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“If It Keeps Rainin'” – Backwater Flood documentary film in the works



Newlyweds William and Cara Bristow, along with brother Carson Bristow, have become a common site in the South Delta.


Carson’s long hair, his fancy Hollywood-looking sound equipment and his tall thin stance are usually accented by a large-brimmed summer straw hat. He, William and Cara stand out among the conservative farmers and senior citizens that make up the bulk of those affected by the Great Backwater Flood of 2019. Since March, the Bristows have been filming the flood and its impact on the citizens of the South Delta.

William, behind the camera, and Carson Bristow (photo by Cara Bristow)

“It was unbelievable​.” As William made his way up the historic Highway 61, he was having trouble taking everything in. The troubling part was the fact that he had not heard one thing about the current condition of the state he called home. Mile after mile, field after field, it all looked the same: a never ending lake. Just when the water seemed normal, an abandoned farm house sitting in the middle of a field brought things back to reality.  This is not how this is supposed to be. 

After meeting up with a local farmer in Rolling Fork, Miss., the two went on a tour of the area, and William was given first hand information as to how urgent the situation was for the farmers of the lower Mississippi Delta. Fortunately, he had his camera with him, and he was able to film some of the catastrophe. After seeing the reaction of others when he showed them the flood footage, he decided he was going to tell this story. He immediately recruited the help of one of his greatest creative partners: his brother, Carson. It was in this context that “If It Keeps Rainin’ ” was born. The film name is inspired by the Kansas Joe McCoy song, “When the Levee Breaks.” – from the website of the film producers.

“The forgotten backwater—you can’t say it any better than that. That is what it is,” said Cara Bristow. “This is not OK. It’s not right. and we thought, you know, what can we do?”

What they did was start filming a documentary to show the world. They wanted to do it from the viewpoint of those affected by the flood. “As they navigate this crisis, we see their lives and link everything to it” said Producer William Bristow.

The lives of the flood victims have touched the film makers, as well. They spoke affectionately of Miss Peggy.

“Miss Peggy’s house is a total loss. She’s living in a camper. They’ve just found out that they are getting all the assistance they can get, ” said William Bristow.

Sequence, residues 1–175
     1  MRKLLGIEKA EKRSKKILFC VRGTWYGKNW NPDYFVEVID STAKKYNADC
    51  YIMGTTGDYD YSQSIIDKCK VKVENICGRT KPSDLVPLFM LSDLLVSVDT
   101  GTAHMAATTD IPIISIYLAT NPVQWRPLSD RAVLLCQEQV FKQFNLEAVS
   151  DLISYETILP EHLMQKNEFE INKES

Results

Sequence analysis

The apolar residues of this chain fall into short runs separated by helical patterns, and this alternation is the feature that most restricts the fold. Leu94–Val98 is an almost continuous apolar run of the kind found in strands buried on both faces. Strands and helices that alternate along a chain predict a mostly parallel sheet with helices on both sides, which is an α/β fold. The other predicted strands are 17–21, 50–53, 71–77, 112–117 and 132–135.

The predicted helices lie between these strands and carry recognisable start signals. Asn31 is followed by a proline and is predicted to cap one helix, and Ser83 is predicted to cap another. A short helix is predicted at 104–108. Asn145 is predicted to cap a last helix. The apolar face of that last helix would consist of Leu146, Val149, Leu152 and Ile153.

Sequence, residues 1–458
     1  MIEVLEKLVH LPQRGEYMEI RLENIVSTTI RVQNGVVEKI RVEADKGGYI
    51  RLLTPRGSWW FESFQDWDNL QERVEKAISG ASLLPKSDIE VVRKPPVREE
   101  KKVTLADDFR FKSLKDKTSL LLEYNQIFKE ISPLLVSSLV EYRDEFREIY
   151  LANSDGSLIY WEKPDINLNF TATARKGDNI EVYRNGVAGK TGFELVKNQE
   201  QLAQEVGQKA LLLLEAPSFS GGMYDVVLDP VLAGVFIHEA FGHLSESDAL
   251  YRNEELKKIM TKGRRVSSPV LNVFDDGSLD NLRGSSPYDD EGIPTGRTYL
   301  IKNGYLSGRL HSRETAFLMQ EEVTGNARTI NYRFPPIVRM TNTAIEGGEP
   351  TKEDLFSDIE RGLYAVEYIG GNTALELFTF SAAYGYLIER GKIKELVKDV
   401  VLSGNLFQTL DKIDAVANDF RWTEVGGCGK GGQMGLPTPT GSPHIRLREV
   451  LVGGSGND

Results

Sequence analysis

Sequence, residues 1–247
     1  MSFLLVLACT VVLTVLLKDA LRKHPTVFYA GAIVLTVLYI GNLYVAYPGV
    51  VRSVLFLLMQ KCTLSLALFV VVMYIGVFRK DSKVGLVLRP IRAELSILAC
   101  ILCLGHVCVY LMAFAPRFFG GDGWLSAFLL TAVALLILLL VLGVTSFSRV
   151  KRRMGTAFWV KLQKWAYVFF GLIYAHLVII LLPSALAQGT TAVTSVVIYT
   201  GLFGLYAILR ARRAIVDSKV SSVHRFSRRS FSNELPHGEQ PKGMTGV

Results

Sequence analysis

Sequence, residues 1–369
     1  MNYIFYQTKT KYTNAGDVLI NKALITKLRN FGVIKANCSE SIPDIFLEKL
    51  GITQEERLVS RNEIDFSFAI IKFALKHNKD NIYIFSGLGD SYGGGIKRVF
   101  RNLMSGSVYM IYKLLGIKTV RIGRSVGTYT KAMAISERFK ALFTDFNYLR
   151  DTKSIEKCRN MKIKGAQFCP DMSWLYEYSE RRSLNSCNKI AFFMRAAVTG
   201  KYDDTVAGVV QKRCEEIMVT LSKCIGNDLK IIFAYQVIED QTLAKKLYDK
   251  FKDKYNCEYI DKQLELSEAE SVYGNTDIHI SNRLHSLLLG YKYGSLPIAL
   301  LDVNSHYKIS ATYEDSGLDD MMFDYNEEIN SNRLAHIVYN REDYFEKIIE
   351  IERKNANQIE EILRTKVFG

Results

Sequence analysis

“She remains so upbeat, so strong. Her faith carries her,” added Cara Bristow. But “we thought right now this … would be prime time for volunteers to be here and helping, and it’s like, where is everybody?”

The harsh reality of this flooding is that everyone showed up to help with sandbags. Now that the flood is over, there are some groups here to help, but not many. Team Rubicon was featured in the Vicksburg Daily News a couple of weeks ago along with the AmeriCorp kids. Local organizers are tying to find enough people to help to get Team Rubicon and their heavy equipment back to the South Delta, but at this time, there are not enough disaster reports turned in for Team Rubicon to return.

Regardless, “This community takes care of one another,” said Cara, to which Carson added, “My favorite part about this is when we’re filming on the side of the road and someone stops and says hey, my house is right here.” William completed the thought and said, “When you get done, come in and sit down for a second, grab a coke. That’s how we’ve met most of our characters. They’ll say, ‘have you met so and so?’ It’s just been a big snowball event.”

William Bristow and his camera in the hot and muggy Mississippi flood waters (photo by Cara Bristow).

The Bristow family is still filming and talking to folks affected by the flood, but they plan to wrap that up soon. By mid October they will be in post production and have their documentary film “If It Keeps Rainin'” out in January.

They want to do one of their first screenings at the Strand Theatre in Vicksburg. “The Strand has been very open about us coming to do that. That is very important to us. To have a communal feeling to it,” said Cara. “The goal would be to inform people. We want this to go national so people learn about this flood and that, maybe, gain support to stop this from happening again.”

A house in the South Delta surrounded by flood waters, dead animals with no place to go and a plea to finish the pumps.


The title for the documentary was inspired by a recording from the Great Flood of 1927 by Kansas Joe McCoy and Memphis Minnie, “When the Levee Breaks.

When the Levee Breaks

Kansas Joe McCoy and Memphis Minnie

If it keeps on rainin’, levee’s goin’ to break
If it keeps on rainin’, levee’s goin’ to break
And the water gonna come in, have no place to stay